Bridging the Gaps: Integrating Archaeology and History in Oaxaca, Mexico does just that: it bridges the gap between archaeology and history of the Precolumbian, Colonial, and Republican eras of the state of Oaxaca, Mexico, a cultural area encompassing several of the longest-enduring literate societies in the world.
Fourteen case studies from an interdisciplinary group of archaeologists, anthropologists, ethnohistorians, and art historians consciously compare and contrast changes and continuities in material culture before and after the Spanish conquest, in Prehispanic and Colonial documents, and in oral traditions rooted in the present but reflecting upon the deep past. Contributors consider both indigenous and European perspectives while exposing and addressing the difficulties that arise from the application of this conjunctive approach.
Inspired by the late Dr. Bruce E. Byland’s work in the Mixteca, which exemplified the union of archaeological and historical evidence and inspired new generations of scholars, Bridging the Gaps promotes the practice of integrative studies to explore the complex intersections between social organization and political alliances, religion and sacred landscape, ethnic identity and mobility, colonialism and resistance, and territoriality and economic resources.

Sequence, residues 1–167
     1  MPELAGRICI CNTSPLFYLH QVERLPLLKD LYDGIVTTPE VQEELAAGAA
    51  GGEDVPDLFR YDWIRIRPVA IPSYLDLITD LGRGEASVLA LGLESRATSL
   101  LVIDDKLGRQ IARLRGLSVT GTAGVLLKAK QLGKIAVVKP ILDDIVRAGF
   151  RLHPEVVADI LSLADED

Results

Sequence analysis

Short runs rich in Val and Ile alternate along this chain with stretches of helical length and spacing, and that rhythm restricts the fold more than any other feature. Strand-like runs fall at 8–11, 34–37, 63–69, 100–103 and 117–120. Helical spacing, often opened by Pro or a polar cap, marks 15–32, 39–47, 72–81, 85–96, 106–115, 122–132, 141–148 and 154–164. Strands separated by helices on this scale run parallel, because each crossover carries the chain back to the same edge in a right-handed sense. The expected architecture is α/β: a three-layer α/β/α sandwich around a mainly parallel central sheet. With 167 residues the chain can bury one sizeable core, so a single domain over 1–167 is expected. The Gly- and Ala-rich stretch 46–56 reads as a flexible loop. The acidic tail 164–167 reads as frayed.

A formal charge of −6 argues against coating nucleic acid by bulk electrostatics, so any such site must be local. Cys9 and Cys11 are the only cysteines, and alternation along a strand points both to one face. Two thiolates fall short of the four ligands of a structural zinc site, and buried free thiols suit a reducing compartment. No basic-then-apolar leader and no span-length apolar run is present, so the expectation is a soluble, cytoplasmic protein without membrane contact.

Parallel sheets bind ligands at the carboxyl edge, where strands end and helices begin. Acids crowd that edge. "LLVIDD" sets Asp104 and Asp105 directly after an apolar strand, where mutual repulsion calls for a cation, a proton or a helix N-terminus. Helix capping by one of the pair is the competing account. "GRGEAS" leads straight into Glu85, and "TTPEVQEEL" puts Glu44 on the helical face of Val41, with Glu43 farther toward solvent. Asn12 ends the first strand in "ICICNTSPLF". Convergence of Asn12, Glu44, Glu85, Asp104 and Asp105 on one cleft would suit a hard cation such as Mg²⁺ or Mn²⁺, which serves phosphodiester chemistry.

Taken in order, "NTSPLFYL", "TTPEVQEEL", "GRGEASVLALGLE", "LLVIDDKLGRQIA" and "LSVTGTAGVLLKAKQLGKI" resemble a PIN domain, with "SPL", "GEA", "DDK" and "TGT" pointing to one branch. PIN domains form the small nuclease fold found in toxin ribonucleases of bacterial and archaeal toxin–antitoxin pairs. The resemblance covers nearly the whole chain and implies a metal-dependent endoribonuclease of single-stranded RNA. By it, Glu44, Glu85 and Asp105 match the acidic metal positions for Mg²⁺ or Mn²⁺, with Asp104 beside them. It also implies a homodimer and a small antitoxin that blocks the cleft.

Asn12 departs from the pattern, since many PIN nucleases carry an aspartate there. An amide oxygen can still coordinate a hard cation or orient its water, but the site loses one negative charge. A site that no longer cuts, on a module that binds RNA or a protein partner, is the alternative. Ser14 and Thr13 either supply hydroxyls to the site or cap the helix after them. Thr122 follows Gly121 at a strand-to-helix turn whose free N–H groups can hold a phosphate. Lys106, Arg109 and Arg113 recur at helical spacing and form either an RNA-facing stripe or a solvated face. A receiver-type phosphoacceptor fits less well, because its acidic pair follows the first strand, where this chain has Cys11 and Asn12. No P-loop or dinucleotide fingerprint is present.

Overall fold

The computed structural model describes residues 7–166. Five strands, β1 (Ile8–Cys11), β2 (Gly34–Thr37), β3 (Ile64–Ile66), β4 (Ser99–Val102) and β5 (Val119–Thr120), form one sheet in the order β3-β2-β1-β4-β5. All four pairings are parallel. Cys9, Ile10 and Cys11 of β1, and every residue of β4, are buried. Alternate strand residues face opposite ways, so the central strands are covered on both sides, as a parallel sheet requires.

Contributors: Bruce E. Byland, Bas van Doesburg, Viola König, Peter Kroefges, Michael Lind, Carlos Rincón Mautner, Geoffrey G. McCafferty, Sharisse D. McCafferty, Liana I. Jiménez Osorio, John M. D. Pohl, Emmanuel Posselt Santoyo, Adam Sellen, Ronald Spores, Stephen L. Whittington, Andrew Workinger, Danny Zborover, Judith F. Zeitlin